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Loudoun School Officials 'Dropped The Ball' Over Transgender Bathroom Rape: Report

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by Tyler Durden
Thursday, Dec 08, 2022 - 02:20 AM

Loudoun County Public School officials put their own interests above that of their students in their handling of two sexual assaults committed by the same transgender student, according to a 24-page grand jury report released on Monday.

Superintendent Scott Ziegler addresses media members Oct. 15, 2021, following news that a student already accused of rape in May assaulted a second student in October.

"LCPS administrators were looking out for their own interests instead of the best interests of LCPS. This invariably led to a stunning lack of openness, transparency, and accountability both to the public and the special grand jury," reads the report, after the grand jury uncovered evidence that the district was aware of multiple sexual assaults that occurred on two high school campuses in 2021 - yet failed to inform community members about them over 'privacy concerns.'

On May 28, 2021 a transgender teenage boy raped another student in a bathroom at Stone Bridge High School in Ashburn. The rapist, 15, was convicted on one count of forcible sodomy and one count of forcible fellatio, both felonies, local media reported. The boy was found guilty of sexual assault in October, 2021 by a Virginia judge.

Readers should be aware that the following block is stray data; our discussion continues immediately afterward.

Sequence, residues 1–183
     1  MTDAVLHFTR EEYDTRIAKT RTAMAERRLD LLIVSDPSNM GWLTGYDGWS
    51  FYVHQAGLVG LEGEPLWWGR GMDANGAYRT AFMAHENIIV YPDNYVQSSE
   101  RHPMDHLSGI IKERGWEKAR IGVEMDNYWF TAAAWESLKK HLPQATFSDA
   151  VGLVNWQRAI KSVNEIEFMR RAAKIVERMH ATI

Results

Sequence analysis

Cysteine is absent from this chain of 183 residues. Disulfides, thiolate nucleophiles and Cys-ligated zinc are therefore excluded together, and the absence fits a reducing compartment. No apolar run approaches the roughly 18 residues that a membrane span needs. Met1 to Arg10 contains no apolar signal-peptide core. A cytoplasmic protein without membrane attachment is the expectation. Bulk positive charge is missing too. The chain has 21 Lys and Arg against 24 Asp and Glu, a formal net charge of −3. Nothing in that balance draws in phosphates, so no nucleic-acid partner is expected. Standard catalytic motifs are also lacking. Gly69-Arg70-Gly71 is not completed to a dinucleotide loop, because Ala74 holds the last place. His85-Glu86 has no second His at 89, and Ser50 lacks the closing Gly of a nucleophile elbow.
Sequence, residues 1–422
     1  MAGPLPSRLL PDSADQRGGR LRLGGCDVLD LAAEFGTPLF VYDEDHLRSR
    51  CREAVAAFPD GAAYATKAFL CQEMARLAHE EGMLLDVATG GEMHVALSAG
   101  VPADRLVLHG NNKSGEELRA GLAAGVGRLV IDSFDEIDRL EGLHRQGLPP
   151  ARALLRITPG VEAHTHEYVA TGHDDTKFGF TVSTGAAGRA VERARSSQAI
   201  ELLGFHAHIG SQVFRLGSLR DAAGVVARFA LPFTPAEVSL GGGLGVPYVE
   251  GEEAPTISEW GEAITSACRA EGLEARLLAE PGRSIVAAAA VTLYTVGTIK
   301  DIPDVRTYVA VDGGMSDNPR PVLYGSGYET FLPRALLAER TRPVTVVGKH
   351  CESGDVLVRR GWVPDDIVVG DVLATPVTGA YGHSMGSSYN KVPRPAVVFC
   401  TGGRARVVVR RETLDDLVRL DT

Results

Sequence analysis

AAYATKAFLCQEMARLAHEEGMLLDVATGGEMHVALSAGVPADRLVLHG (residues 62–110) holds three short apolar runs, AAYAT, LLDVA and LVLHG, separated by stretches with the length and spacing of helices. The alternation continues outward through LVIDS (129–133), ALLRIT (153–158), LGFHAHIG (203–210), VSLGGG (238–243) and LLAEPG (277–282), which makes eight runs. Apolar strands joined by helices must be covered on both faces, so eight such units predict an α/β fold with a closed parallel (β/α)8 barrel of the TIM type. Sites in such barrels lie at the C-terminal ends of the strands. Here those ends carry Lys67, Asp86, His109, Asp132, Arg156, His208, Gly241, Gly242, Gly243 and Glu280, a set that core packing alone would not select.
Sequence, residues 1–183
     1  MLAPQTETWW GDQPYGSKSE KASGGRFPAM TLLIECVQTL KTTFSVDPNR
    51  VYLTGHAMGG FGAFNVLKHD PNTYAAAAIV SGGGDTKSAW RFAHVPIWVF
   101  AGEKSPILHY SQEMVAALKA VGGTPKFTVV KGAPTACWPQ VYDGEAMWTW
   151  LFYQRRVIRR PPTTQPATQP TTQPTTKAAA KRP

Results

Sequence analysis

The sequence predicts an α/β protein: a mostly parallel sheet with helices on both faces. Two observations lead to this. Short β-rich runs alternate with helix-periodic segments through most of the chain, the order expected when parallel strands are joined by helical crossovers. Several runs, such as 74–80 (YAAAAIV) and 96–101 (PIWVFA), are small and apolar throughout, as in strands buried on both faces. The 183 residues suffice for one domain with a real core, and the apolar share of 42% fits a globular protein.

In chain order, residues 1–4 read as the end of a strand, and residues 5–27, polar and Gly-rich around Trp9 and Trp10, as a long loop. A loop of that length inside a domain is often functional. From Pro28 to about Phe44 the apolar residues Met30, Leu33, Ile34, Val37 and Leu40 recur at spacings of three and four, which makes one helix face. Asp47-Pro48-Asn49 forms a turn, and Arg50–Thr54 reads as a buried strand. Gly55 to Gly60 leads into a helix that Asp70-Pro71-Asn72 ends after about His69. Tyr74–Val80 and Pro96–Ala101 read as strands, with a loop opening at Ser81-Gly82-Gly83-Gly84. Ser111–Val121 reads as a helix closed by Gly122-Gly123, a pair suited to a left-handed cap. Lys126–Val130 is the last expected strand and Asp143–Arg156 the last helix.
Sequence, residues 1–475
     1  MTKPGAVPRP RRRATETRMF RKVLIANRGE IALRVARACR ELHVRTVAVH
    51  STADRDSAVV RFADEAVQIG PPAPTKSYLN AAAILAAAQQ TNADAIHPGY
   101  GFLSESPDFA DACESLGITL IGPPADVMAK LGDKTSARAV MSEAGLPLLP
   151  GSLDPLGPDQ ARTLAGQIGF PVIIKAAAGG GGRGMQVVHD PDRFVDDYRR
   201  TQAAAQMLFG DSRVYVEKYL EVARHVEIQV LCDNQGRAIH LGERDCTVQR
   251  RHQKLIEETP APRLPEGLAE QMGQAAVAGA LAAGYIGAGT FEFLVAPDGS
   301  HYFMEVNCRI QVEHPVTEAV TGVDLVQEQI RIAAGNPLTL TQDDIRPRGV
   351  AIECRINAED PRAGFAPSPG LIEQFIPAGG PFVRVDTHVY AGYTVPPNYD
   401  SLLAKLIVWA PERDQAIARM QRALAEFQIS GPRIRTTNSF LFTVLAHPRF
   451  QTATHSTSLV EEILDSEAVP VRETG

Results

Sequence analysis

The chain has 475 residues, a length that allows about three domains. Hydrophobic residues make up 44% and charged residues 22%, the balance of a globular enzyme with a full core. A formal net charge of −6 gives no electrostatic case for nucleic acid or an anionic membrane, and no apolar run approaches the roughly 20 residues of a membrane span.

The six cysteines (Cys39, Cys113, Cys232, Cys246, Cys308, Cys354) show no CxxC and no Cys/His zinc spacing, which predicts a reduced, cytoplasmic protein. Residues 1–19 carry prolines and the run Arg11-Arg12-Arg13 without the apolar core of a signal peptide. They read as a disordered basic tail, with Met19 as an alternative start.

After the incident, Scott Smith, the father of the 15-year-old victim, says he was told by school officials that there had been a 'physical altercation.' After he arrived on scene, he learned that she had actually been raped. According to Smith the school staff said they wanted to handle the situation 'internally,' and chose not to call the police.

Smith became furious and challenged their decision, after which officials called Loudon County Sheriff's deputies.

"I went nuts. I called the principal a pussy. Six cop cars showed up like a fucking SWAT team," said Smith, adding that he had "exploded with rage."

Smith and the family's attorney say a rape kit and other tests prove a sexual assault occurred. After presenting the evidence to the police, a case was opened.

"Thank God that I drew enough attention to it, without getting arrested, that we got an escort to the hospital and they administered a rape kit that night," he said.